Random thoughts about life, ops, dev, and management

PuppetConf 2013

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PuppetConf 2013 was an amazing experience. I could spend tons of time talking about all the things that went on but here are a few of the things that really stood out to me.

Developer Days and Open Spaces

The developer day stuff was great. While I didn’t get a chance to sit down and hack on much myself, it was great to be able to catch up with people in the community and talk about the things that are coming down the pipeline and need to be worked on.

The real win of Wednesday was the open space sessions that Michael Stanke put on. The discussions around testing and best practices/patterns were amazing. I feel like I got a ton out of just sitting and talking to others in the community. With that said, I am going to officially put it out there that I bought and my goal is to start collecting talks, slide decks and blog posts about patterns and module construction in one place. I haven’t decided how I am going to set it up yet, but I will make a decision soon.

Being a Speaker

This is probably the biggest speaking opportunity I have ever had. Puppet Labs not only did a great job putting on the conference but I felt super well taken care of as a speaker.

As I walked the halls I got a ton of positive response about my presentation. It was great to run into people and have them tell me, “great talk,” or ask questions about testing. I am looking forward to digging even deeper into testing and better understanding how rspec-system is going to become part of my workflow.

The Sessions

While I didn’t make it to as many sessions as I would have liked, the ones I did attend were great. I was impressed by how much knowledge each session was jam packed with. I can’t wait to go through and listen to all of the sessions as they are released.

In the meantime, the slides can be found at

The Hallway Track

Wow. I can’t even begin to list the tremendous number of amazing people I met while at PuppetConf. Whether it was getting a chance to catch up with @puppetmasterd himself or seeing old friends like @botchagalupe and @mitchellh the people are what really took the conference to the next level for me. Sitting down for, what must have been more than 2 hours, with @davemangot talking DevOps and systems architecture was one of the most enjoyable things I have done in a long time.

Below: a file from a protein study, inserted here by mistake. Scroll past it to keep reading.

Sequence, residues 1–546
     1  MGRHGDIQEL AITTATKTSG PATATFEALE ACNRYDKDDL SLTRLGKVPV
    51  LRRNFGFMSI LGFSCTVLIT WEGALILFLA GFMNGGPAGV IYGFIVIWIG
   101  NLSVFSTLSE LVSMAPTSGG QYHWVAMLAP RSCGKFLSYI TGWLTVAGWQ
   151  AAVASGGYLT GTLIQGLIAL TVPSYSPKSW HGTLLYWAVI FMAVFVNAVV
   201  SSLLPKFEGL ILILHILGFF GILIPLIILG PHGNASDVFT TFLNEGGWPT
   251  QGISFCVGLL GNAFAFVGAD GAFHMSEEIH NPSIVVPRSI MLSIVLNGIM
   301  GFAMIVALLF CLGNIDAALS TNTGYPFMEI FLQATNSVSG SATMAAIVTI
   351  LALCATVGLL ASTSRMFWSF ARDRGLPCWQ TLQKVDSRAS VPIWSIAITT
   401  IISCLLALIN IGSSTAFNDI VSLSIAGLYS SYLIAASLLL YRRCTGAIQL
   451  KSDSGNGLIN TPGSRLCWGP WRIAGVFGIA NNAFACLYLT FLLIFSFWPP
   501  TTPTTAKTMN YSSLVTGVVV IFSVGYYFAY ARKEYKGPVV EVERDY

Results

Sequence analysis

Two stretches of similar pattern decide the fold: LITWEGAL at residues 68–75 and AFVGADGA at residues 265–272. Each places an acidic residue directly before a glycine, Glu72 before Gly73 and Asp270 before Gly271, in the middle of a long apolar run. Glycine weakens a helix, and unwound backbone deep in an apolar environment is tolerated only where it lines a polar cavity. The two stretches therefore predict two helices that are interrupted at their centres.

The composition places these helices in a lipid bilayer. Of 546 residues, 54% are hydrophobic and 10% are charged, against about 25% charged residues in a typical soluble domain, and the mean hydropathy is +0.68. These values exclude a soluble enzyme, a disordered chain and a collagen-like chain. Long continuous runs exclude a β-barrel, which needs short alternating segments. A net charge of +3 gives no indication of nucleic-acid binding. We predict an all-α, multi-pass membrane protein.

Lets just say, I am looking forward to PuppetConf 2014.

Taking Inventory

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Every 6-9 months I find myself taking inventory of life in general. To be honest, this is usually a result of work getting busy for a sustained period of time. I find that it is important to take the time to go through this mental exercise as it is usually an indicator something needs to change about the way I am currently approaching life.

It is amazing how much this thought process actually reveals. Even the frequency in which I find myself walking through it gives hints about changes in life. Over the last few years, I have learned that if I am mentally taking inventory every month, it is probably time to change jobs.

This morning, as I started to take inventory on my morning walk, I realized two things about the process:

  • I want to be open about where things stand as an attempt to put myself at ease.
  • This is probably useful for others to see and at least think about.

So here are a few of the things that I ponder when taking inventory.


Family is at the core of everything. As a husband and father of two, it is important to make sure I am taking the time for them and fulfilling their needs. The following are some of the things I think about.

Are my wife and I connected?

My wife has always talked about this idea of being connected. When we are connected, we anticipate each others needs, we are helping to carry the emotional load for each other and well, connected.

Am I spending enough time with my girls?

I don’t know that I will ever be able to answer yes to this question. I always find myself thinking I should be doing more. That is especially true during the summer. For my almost 4 year old, being outside and dance class are our thing. Mommy goes along sometimes, but, by and large, those are Daddy things. So when the normal high is 90+ degrees outside, the park becomes less of an option. To add to it, dance closes during the summer because many of the families go on vacation, etc.

This means the Fall is always one of my favorite times of year. Lots of trips to the park, dance is back in full swing and it is time for high school football. Because my wife is a high school teacher, we make a point to get out to most home football games and a few away games each year. It has always been fun to take my oldest out and I can’t wait to introduce my youngest.